Federal prosecutors in New York have accused seven Iranian operatives of carrying out 176 days of coordinated denial-of-service attacks against 46 "major financial institutions" including the New York Stock Exchange, Bank of America and Capital One.
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The "experienced computer hackers" worked for a private company that court records said "performed work on behalf of the Iranian government."
The "large-scale coordinated campaign" began in December 2011 and ran through May 2013, according to prosecutors. During that time, "hundreds of thousands of customers were unable to access their bank accounts online." Neutralizing the cyber-attacks cost the banks tens of millions of dollars, prosecutors charged.
One of the Iranians was also accused of obtaining "unauthorized" remote access to the controls of Bowman Dam in Rye, New York.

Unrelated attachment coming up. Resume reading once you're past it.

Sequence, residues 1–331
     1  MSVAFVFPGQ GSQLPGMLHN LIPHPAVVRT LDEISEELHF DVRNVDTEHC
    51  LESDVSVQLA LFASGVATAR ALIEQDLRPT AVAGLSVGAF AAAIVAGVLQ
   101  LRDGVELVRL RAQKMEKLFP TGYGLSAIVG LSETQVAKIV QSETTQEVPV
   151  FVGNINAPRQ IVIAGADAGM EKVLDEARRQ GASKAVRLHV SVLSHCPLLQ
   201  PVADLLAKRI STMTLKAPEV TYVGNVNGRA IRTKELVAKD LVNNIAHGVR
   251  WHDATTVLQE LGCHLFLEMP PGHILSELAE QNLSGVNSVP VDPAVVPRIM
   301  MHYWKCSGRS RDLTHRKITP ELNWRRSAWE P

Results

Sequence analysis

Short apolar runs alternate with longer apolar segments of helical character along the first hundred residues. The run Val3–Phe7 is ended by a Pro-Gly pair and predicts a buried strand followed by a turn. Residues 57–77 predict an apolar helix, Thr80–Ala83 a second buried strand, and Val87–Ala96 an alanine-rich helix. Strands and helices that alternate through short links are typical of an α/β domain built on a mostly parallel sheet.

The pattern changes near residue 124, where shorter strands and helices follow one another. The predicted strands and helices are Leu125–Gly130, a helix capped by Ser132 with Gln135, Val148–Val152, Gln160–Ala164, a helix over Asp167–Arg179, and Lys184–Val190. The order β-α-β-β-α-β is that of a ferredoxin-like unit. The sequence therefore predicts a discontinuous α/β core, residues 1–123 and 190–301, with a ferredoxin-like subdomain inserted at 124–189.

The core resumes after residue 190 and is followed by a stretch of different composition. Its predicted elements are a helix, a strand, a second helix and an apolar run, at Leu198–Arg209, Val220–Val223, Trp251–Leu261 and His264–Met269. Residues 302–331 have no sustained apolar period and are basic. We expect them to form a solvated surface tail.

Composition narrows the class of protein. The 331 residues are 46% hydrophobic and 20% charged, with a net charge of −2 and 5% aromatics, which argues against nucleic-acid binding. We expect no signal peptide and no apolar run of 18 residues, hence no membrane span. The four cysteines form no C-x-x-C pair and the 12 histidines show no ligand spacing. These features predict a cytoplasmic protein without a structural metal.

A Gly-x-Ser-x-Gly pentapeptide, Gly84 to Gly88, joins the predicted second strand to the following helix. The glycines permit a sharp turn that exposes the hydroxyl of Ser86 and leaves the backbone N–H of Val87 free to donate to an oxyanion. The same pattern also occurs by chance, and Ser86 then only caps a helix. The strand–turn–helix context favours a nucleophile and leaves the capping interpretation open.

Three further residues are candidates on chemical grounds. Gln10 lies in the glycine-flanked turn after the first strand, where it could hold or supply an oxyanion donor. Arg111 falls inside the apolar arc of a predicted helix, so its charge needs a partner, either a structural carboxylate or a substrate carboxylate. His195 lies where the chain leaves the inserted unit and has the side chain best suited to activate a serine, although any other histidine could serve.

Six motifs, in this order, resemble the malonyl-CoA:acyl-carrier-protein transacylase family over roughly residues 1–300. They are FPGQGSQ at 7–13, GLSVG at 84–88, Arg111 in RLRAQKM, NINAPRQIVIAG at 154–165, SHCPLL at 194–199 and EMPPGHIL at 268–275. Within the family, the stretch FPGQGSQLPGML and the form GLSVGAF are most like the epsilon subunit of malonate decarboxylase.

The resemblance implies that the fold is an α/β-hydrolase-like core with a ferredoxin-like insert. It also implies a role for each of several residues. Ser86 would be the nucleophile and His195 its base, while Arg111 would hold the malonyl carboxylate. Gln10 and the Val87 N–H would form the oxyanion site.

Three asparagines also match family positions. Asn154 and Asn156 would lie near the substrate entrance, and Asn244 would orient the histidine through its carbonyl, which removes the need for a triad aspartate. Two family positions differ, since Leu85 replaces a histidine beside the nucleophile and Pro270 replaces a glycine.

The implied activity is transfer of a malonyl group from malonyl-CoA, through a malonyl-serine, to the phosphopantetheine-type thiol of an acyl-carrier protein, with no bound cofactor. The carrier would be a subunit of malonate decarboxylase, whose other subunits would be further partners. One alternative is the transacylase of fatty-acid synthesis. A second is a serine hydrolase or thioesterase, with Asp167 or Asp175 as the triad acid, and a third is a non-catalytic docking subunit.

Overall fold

Currently, there have been no arrests. But top Justice Department and FBI officials insisted the charges brought today will send a "powerful message" around the world.
"Like past nation state-sponsored hackers, these defendants and their backers believed that they could attack our critical infrastructure without consequence, from behind a veil of cyber anonymity," the head of the Justice Department's National Security Division, Assistant Attorney General John Carlin, said. "This indictment once again shows there is no such veil – we can and will expose malicious cyber hackers engaging in unlawful acts that threaten our public safety and national security."
Likewise, FBI Director James Comey vowed his agents "will find those behind cyber intrusions and hold them accountable — wherever they are, and whoever they are."